Short Story, “If I Lie Here”
I wrote this story about 10 years ago after hearing the song Chasing Cars by Snow Patrols. It made wonder about the possibility of a character being so disconnected with other people that if he/she decided to lie down and die, maybe no one will really notice.
“This is called: If I lie here. It doesn’t sound much fun, does it?”
“Whether you like it or not, I want to go and you are coming with me.”
When Jane made a decision, there was nothing Robert could say to change it. Therefore they would both go, the following Saturday, to this unique play that had gained its fame from the fact that it was showing once, and once only, in each city.
When Saturday came, Jane was dressed nicely, whereas Robert was wearing an old tuxedo that his father had given him, along with some advice: “Son, wear this every time your wife asks you to go out, and when she gets tired of seeing you in the same outfit, you’ll be able to stay home and watch the sports channel.” Suits were expensive and Robert wasn’t a rich man.
The theater was full and Robert couldn’t help but imitate the uptight couples behaving in fancy ways. The lights dimmed and the curtains rose. There were just two easy-chairs on the stage and the background set up represented a hotel room. Various actors came on to play their parts and the whole crowd, including Robert, were soon laughing. The play was delightful—until the main actor came on. He was in his late fifties, wearing glasses and a tired look on his face. He stared at the other actors in silence for a few moments, before throwing his first line, watching the crowd burst into laughter.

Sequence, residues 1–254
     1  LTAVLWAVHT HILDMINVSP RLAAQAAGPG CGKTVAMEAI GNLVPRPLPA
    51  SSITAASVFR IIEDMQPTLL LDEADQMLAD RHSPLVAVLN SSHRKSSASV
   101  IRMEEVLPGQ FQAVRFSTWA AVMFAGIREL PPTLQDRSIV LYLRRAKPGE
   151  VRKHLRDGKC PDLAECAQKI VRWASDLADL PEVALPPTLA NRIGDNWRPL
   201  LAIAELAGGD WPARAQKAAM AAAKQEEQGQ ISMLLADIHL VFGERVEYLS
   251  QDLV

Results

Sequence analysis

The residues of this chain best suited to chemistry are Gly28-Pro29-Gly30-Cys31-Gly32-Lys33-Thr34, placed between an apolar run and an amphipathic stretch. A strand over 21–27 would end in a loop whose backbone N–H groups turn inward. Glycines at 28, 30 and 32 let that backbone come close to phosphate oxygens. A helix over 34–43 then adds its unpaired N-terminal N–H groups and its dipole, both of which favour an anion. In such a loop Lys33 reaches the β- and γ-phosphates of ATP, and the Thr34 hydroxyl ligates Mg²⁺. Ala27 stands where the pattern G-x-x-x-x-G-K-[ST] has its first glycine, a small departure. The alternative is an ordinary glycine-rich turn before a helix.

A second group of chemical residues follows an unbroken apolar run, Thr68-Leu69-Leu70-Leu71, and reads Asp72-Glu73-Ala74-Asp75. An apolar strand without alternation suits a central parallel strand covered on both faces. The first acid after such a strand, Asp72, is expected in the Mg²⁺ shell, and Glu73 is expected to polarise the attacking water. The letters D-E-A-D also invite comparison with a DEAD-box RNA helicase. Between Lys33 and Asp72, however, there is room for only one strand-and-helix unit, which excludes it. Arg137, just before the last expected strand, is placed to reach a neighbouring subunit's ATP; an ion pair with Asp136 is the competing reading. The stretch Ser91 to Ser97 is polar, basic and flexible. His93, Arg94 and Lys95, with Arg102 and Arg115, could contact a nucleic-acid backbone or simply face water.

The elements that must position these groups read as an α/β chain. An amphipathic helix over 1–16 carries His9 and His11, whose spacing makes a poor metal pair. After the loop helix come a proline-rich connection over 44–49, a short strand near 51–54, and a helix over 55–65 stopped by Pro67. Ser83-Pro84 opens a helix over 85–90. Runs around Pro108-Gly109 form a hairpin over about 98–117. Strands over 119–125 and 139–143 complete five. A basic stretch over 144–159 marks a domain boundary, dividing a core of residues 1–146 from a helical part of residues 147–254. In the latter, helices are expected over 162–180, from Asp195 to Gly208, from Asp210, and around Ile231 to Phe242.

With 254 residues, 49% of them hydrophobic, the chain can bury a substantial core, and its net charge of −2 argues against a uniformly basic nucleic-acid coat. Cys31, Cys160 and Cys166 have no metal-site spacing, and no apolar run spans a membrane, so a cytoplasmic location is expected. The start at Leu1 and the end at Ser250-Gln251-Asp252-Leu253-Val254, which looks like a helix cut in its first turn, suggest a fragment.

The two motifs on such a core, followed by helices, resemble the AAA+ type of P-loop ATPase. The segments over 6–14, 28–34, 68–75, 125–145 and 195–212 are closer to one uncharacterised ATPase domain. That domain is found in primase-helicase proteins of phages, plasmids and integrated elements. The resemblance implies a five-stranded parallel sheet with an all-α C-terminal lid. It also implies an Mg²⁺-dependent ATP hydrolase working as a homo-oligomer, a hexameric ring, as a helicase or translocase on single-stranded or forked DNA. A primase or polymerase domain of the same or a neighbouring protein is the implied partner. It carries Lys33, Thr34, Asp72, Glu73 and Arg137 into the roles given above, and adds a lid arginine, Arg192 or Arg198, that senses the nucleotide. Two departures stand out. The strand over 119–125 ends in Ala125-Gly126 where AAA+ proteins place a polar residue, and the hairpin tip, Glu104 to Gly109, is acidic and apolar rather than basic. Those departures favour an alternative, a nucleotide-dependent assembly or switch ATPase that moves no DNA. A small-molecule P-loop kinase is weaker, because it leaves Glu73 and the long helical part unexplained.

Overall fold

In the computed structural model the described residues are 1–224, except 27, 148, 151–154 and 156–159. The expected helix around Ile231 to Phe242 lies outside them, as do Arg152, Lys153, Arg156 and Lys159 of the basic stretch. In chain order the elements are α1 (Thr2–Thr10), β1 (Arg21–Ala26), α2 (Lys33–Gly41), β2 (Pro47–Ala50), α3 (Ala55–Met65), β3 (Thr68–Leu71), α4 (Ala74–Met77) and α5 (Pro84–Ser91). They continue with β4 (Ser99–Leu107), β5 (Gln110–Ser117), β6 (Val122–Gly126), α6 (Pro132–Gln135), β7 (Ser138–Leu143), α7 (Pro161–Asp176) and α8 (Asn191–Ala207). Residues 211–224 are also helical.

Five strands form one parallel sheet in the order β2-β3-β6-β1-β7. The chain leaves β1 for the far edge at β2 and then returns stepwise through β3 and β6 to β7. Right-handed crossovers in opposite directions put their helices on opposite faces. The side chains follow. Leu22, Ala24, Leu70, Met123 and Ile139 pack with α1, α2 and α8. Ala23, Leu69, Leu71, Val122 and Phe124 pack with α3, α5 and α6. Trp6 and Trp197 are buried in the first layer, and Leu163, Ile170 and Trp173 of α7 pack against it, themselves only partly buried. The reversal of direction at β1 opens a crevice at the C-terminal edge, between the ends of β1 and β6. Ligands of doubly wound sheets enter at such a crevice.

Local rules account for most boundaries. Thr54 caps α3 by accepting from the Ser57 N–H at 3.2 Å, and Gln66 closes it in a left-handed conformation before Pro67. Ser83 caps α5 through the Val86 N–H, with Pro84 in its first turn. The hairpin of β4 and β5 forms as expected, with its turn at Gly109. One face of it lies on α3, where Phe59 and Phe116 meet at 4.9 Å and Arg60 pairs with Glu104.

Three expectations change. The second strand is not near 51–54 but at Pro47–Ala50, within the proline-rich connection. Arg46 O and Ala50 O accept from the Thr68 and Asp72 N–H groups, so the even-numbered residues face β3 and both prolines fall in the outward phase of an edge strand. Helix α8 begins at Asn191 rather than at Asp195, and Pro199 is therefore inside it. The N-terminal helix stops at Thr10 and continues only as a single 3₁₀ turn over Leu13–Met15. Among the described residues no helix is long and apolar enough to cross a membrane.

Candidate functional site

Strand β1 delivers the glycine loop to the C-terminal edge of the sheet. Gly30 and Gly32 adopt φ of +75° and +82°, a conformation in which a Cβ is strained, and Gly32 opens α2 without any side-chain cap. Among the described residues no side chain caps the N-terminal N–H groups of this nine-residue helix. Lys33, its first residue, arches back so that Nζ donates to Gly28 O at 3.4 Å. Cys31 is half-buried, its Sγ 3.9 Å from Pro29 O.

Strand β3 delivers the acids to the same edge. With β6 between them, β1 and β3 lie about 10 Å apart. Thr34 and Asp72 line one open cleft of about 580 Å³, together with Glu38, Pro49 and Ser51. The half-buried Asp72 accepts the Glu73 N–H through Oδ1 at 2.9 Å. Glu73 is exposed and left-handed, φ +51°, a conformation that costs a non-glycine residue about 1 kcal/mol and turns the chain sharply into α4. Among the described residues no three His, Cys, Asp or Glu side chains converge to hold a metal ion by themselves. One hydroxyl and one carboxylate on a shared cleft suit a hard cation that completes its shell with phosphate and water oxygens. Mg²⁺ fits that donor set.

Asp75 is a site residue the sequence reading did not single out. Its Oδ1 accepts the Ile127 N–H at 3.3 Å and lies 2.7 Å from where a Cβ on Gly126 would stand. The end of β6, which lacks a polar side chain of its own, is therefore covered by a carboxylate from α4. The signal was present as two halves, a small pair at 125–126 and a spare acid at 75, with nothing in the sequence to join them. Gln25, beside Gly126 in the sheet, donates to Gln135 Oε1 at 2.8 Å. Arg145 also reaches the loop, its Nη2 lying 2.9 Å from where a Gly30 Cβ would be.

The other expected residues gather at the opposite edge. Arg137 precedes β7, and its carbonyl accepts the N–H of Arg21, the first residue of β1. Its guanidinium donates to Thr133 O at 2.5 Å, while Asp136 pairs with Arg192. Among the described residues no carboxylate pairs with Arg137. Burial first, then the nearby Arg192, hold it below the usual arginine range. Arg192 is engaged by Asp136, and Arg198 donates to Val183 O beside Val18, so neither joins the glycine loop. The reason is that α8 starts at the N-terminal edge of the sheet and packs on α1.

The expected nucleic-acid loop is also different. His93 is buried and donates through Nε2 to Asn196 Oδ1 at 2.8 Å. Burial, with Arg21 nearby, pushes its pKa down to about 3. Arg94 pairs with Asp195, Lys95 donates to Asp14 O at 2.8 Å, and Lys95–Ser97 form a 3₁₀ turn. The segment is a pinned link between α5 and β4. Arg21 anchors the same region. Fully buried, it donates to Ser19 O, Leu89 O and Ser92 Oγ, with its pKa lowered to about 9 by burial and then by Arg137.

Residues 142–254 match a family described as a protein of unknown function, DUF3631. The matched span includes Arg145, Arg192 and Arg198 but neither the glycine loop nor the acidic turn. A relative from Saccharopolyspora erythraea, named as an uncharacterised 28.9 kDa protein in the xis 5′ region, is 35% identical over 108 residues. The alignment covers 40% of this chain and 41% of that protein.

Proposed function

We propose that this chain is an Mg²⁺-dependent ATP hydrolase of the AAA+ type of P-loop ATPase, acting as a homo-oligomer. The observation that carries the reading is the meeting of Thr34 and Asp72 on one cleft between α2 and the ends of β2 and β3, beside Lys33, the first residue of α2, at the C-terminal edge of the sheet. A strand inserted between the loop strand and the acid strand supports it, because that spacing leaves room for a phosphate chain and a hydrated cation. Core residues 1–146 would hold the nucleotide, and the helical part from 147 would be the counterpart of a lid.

The play kept the same rhythm for another half an hour but then suddenly stopped. The main actor was holding onto one of the chairs, wiping his forehead with a small cloth. He looked at the crowd and said, “I have been doing this job for a very long time and I feel so tired. I like to make people laugh. I like to play a role but sometimes I wonder...” His body looked weak and shaky, but his voice was strong. “If I lie here, would the world stop spinning?” He spoke quietly and emotionally. “If I lie here, where I cannot be found, would someone look for me for eternity?” Robert didn’t understand what was happening but he couldn’t take his eyes off the man. “If I lie here, on the top of the world, would I be a better person?” The actor fell, a knee to the floor— the spectators brought their hands to their mouths. “If I lie here, where cities fall and humans die, would I be more alive?” His heavy body was now almost down to the floor. “If I lie here, would I die with fame?”
The curtains fell.
On the way back home, Jane and Robert were silent, neither wanting to express their emotions or question why the actor wasn’t there for the curtain call. Only when they were home did Robert tell Jane, with a shy smile, “I’d like to buy a new suit.”